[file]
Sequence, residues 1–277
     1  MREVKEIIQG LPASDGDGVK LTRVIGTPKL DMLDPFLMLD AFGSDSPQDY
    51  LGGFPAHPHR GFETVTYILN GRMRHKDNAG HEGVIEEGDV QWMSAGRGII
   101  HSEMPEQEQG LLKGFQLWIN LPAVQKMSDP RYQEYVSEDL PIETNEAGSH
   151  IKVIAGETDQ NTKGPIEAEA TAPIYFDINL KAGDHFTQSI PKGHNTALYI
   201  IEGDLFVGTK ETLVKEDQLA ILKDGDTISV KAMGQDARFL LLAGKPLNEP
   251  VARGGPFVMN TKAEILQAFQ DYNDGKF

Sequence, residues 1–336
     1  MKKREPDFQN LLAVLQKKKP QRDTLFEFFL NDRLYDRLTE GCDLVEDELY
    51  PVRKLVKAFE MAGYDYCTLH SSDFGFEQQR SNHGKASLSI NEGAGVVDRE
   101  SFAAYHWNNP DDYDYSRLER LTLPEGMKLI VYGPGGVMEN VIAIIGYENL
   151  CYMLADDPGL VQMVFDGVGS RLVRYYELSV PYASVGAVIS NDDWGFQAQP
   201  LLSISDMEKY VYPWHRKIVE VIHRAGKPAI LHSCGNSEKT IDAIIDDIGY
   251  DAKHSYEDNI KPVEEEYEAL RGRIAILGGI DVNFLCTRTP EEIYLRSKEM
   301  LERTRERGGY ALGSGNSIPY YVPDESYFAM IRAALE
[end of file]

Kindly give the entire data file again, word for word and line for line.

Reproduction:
Sequence, residues 1–277
     1  MREVKEIIQG LPASDGDGVK LTRVIGTPKL DMLDPFLMLD AFGSDSPQDY
    51  LGGFPAHPHR GFETVTYILN GRMRHKDNAG HEGVIEEGDV QWMSAGRGII
   101  HSEMPEQEQG LLKGFQLWIN LPAVQKMSDP RYQEYVSEDL PIETNEAGSH
   151  IKVIAGETDQ NTKGPIEAEA TAPIYFDINL KAGDHFTQSI PKGHNTALYI
   201  IEGDLFVGTK ETLVKEDQLA ILKDGDTISV KAMGQDARFL LLAGKPLNEP
   251  VARGGPFVMN TKAEILQAFQ DYNDGKF

Sequence, residues 1–336
     1  MKKREPDFQN LLAVLQKKKP QRDTLFEFFL NDRLYDRLTE GCDLVEDELY
    51  PVRKLVKAFE MAGYDYCTLH SSDFGFEQQR SNHGKASLSI NEGAGVVDRE
   101  SFAAYHWNNP DDYDYSRLER LTLPEGMKLI VYGPGGVMEN VIAIIGYENL
   151  CYMLADDPGL VQMVFDGVGS RLVRYYELSV PYASVGAVIS NDDWGFQAQP
   201  LLSISDMEKY VYPWHRKIVE VIHRAGKPAI LHSCGNSEKT IDAIIDDIGY
   251  DAKHSYEDNI KPVEEEYEAL RGRIAILGGI DVNFLCTRTP EEIYLRSKEM
   301  LERTRERGGY ALGSGNSIPY YVPDESYFAM IRAALE